Advertisement
YOU ARE HERE: LAT HomeCollections

Apple Does Windows in Growth Quest

New software adapts the company's Intel-based computers to the leading operating system.

April 06, 2006|Terril Yue Jones | Times Staff Writer

For Apple devotees, hell has once again frozen over.

Apple Computer Inc. said Wednesday that it was offering software that will allow dreaded rival Microsoft Corp.'s Windows operating system to run on Mac computers made by Apple that use processors from Intel Corp.

Apple hopes it can entice hordes of Windows users to switch loyalties and raise it beyond its status as a niche player in the U.S. personal computer business, where its market share barely surpasses 4%.

The initiative, which enables an Intel-based Mac to become a full-fledged Windows PC, was welcomed by investors. They sent shares in the Cupertino, Calif., company soaring $6.04, or nearly 10%, in regular trading to $67.21. After hours, the shares edged up an additional 19 cents.

Apple used the slogan "Hell Froze Over" in October 2003, when it introduced versions of its iTunes Music Store and media player software that were compatible with computers running Windows.

Apple has long positioned itself as the populist alternative to Microsoft and Windows-based PCs, which account for more than 80% of the market. The firm put Intel microprocessors into some Macs in January. By the end of this year, all new Apple computers are likely to be powered by Intel chips, which run most Windows PCs.

Apple fans praise the look and feel of its computers and the stability of its OS X operating system. But many applications from independent software firms, such as certain photo management programs and game software, are available only in Windows versions.

Running Windows "potentially could be a significant game changer" for Apple in its competition with Dell Inc., Hewlett-Packard Co. and other makers of Windows-based PCs, said Shaw Wu, who follows Apple for American Technology Research.

But Van Baker, a consumer technology analyst with market researcher Gartner Inc., doubts that the capability will have a dramatic effect. It might, however, encourage Windows users who are on the fence to make the move, he said.

"What it does for Apple is it will remove another barrier to people attracted to the Mac -- to the iLife software suite and to its industrial design -- but who just can't give up one Windows app," Baker said. "It gets them over the hump."

Apple users had mixed reactions to the Windows news.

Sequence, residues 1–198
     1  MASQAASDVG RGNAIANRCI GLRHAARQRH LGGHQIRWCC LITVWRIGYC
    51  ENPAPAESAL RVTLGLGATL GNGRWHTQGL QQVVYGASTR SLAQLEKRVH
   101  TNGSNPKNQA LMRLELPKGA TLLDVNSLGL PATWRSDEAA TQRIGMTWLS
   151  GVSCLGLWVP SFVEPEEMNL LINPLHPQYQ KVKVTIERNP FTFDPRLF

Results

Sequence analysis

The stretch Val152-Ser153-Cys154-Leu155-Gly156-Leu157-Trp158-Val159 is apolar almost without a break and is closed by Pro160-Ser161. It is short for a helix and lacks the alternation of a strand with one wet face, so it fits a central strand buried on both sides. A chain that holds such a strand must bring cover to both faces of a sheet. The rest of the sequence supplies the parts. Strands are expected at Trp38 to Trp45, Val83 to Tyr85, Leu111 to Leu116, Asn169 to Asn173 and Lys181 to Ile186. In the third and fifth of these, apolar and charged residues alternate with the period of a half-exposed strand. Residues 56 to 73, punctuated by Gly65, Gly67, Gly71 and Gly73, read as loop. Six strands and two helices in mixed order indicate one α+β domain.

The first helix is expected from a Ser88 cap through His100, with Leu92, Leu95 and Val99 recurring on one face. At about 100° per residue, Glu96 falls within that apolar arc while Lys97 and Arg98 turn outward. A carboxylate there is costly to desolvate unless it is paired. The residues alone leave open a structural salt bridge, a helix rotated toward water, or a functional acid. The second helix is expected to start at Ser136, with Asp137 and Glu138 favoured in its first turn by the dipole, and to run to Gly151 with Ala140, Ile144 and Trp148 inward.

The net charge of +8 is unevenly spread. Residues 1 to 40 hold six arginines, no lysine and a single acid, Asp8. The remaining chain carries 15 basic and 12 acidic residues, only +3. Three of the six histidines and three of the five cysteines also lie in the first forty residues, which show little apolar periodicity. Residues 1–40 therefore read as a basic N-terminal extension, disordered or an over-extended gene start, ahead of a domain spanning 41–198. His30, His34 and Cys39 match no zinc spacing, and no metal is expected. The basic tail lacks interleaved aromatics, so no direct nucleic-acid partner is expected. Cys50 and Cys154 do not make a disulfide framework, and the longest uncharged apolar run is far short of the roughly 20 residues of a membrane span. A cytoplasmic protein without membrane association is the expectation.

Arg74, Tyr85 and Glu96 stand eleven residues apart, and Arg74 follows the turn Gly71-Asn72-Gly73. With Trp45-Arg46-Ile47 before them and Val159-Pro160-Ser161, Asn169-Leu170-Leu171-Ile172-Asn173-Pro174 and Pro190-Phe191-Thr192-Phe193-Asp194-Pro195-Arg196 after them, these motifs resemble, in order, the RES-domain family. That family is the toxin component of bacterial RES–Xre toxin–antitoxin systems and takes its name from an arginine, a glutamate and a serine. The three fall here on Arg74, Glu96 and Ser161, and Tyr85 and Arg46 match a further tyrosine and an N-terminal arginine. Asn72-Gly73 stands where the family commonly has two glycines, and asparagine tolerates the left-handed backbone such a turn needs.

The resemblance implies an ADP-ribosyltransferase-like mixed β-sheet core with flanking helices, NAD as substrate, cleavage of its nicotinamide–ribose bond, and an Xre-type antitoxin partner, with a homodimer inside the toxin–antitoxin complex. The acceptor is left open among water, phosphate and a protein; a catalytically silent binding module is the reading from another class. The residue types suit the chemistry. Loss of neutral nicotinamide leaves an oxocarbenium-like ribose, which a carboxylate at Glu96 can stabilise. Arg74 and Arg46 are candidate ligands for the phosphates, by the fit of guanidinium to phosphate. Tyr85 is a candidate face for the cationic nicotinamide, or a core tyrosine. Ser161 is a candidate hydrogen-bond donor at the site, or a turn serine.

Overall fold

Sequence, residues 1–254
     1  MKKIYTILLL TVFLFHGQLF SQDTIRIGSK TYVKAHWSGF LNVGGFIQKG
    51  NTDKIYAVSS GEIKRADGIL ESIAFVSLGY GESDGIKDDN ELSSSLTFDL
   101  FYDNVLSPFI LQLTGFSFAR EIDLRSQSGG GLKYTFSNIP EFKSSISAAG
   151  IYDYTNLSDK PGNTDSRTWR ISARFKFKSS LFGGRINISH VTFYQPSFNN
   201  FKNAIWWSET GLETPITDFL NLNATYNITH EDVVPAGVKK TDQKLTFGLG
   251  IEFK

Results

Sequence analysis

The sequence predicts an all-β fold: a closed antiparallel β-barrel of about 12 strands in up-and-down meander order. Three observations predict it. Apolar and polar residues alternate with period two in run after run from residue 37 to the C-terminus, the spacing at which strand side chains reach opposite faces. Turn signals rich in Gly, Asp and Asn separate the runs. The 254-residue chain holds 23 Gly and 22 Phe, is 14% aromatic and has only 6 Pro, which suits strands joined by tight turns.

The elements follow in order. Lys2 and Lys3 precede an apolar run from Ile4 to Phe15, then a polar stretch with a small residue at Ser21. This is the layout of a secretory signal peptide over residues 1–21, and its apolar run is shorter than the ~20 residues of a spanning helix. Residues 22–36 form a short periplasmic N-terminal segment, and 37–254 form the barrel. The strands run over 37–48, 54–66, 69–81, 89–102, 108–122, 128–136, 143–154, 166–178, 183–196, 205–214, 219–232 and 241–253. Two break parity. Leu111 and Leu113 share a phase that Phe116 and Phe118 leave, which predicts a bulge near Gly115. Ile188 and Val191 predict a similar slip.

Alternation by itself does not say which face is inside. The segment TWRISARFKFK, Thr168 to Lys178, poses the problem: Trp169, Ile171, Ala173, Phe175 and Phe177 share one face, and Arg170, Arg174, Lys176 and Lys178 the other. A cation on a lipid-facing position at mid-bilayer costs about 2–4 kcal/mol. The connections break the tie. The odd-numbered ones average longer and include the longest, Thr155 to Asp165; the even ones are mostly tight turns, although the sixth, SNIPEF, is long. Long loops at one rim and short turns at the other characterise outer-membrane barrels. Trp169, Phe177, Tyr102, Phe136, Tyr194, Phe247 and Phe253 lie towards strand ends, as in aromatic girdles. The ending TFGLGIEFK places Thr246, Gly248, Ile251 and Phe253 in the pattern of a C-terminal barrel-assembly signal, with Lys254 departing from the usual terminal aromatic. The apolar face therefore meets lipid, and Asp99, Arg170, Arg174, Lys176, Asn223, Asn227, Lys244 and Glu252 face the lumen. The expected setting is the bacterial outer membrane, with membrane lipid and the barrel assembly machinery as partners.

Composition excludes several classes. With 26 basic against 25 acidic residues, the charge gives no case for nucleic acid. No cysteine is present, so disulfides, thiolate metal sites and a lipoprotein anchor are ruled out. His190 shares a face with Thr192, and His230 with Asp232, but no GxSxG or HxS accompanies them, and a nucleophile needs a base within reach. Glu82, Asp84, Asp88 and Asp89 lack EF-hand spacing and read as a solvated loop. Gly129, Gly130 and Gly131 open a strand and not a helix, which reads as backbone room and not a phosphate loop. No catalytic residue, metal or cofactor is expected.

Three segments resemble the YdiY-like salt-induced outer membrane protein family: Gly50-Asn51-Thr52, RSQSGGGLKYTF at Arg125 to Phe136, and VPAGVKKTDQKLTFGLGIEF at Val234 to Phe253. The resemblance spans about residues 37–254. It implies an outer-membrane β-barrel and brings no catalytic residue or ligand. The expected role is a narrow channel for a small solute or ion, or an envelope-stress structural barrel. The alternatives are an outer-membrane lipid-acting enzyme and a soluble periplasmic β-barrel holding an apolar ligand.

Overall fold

"Fascinating stuff, it means I'll now never have to buy a PC," said a forum participant at www.appleinsider.com.

"Word to the wise: Windows running on a Mac is like Windows running on a PC. That means it'll be subject to the same attacks that plague the Windows world," said another posting, referring to periodic security breaches that bedevil Windows.

Users who install Apple's software, called Boot Camp, won't be able to jump between Windows and OS X at the flip of a switch.

"It's not the most elegant solution because you have to choose which operating system to boot up and can't switch the OS without rebooting the machine," Baker said. "If they had done two virtual machines where you just toggle between Windows and OS X, it would be more appealing."

The move could be slightly positive for Apple's business and a small setback for Microsoft, Goldman Sachs analyst Rick Sherlund said in a note to investors.

"This is another step in Apple's efforts to expand its total addressable market to include a more mainstream audience," Sherlund wrote.

The software to run Windows on Mac computers will be included in the next version of OS X. It can be downloaded now in a beta-testing mode from Apple's main website. Users must burn a disc with the software and install it using a "full-inflation" copy of the Windows operating system, said Brian Croll, director of product marketing for OS X. Such a program costs about $200.

Apple emphasizes that it won't be selling Windows directly or providing customer service for it. Microsoft was not involved in the initiative.

Croll would not say how much the next version of OS X would cost. Apple charged $129 for the last OS X system upgrade, from Panther to the current Tiger.

Advertisement
Los Angeles Times Articles
|
|
|